Search
Close this search box.

Ottawa Citizen: Helping at-risk groups cope with COVID requires partnership

< 1 MIN READ

It was a common refrain in the early days of the pandemic: “We’re all in this together.” But, even before the first case of COVID-19 was declared in Ottawa, we realized the pandemic would strain the social fabric of our communities and amplify the challenges people were already facing.

Issues such as poverty, homelessness, social isolation and mental health are not new but the pandemic has made them significantly worse. Injustices facing Indigenous Peoples, racialized communities, people with disabilities, newcomers and women have been exacerbated: racialized populations are over-represented among those diagnosed with COVID-19; women have seen more significant job loss than men; rural and low-income people have been cut off from online services due to technology inequities … the list goes on.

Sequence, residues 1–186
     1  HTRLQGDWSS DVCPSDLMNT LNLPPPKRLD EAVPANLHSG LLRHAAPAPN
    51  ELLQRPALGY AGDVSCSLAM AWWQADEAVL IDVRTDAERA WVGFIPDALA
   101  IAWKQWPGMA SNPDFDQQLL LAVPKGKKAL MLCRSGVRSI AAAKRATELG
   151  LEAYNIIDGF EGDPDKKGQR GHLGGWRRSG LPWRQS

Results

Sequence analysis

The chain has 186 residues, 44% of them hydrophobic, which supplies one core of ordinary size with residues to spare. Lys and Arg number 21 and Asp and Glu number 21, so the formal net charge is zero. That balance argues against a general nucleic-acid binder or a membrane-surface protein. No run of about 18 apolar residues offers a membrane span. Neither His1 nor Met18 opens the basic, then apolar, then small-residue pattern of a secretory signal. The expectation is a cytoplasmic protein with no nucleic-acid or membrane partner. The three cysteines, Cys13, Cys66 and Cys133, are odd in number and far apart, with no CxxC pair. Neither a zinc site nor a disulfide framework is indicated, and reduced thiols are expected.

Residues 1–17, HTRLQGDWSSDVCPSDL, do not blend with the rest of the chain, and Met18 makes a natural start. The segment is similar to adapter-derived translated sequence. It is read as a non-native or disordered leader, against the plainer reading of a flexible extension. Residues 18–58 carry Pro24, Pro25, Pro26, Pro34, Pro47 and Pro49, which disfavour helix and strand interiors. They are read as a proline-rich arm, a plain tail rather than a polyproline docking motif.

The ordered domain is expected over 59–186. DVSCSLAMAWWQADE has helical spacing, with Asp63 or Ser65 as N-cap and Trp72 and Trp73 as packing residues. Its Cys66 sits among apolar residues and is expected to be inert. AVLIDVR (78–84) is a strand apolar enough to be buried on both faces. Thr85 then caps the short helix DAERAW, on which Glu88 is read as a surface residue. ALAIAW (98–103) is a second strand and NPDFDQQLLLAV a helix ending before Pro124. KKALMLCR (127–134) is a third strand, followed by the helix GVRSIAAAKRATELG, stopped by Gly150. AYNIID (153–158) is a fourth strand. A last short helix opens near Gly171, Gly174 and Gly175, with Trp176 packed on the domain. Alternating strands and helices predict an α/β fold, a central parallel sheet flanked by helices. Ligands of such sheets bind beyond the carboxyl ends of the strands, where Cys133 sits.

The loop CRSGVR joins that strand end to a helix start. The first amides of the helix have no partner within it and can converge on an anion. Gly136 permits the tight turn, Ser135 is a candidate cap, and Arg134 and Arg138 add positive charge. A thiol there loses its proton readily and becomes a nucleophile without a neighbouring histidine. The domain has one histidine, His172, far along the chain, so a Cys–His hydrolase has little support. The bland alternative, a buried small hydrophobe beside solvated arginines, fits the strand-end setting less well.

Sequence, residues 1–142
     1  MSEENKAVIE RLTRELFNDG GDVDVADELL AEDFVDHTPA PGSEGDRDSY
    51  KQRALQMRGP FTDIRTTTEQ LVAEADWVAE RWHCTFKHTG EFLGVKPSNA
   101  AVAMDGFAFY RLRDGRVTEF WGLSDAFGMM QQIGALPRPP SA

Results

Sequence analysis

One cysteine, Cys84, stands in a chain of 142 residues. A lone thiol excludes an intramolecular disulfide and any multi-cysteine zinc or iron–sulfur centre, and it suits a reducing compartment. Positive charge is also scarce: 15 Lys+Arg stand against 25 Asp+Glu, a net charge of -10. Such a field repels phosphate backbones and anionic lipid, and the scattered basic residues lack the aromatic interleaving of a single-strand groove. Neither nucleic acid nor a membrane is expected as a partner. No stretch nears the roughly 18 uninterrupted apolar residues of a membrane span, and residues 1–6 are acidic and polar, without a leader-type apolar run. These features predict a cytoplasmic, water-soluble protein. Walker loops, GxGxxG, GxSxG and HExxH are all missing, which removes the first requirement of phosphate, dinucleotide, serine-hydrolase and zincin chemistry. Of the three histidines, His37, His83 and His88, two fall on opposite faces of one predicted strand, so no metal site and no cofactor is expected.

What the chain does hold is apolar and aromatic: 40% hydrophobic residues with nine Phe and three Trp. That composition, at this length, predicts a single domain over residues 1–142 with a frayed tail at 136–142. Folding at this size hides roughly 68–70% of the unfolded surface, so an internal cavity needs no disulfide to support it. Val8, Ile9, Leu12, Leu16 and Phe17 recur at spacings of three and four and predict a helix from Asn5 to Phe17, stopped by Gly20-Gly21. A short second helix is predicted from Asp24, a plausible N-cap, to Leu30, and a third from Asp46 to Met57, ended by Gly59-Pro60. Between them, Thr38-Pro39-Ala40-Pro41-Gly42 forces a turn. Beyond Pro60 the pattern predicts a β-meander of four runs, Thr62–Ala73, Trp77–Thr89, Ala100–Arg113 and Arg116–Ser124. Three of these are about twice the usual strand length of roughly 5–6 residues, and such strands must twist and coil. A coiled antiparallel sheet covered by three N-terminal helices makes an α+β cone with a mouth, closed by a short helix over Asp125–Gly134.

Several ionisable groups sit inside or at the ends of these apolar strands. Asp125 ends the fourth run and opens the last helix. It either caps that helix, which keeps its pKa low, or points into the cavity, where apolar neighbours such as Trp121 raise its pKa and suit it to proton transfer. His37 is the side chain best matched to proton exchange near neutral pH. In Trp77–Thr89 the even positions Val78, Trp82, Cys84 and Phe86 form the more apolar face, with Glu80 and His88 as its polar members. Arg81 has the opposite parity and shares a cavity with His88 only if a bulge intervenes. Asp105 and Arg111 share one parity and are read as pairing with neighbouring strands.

COVID-19 brought the fault lines of our communities into focus and provoked an urgency to take them on. But it will take courage and commitment to continue tackling these systemic challenges. We will inevitably move into a recovery phase, and we must take the lessons of the pandemic with us to build a more equitable future.

Michael Allen

By Michael Allen
President and CEO
United Way East Ontario

CATEGORIES
LAST UPDATED

Share

Share
Tweet
Post
Email

Similar Stories

The Ontario Government tabled its $214-billion budget on March 26, 2024. Read United Way East Ontario's analysis on what it means for social services and the people we serve.
In its 2024 Budget, we are requesting the Government of Ontario invest in youth mental health, equitable employment opportunities, deeply affordable housing, and 211 navigation support.

Sign up for
our newsletter

Get stories of local love straight to your inbox! Stay up to date with United Way’s impact and latest news by signing up for our monthly newsletter.

This site is protected by reCAPTCHA and the Google Privacy Policy and Terms of Service apply.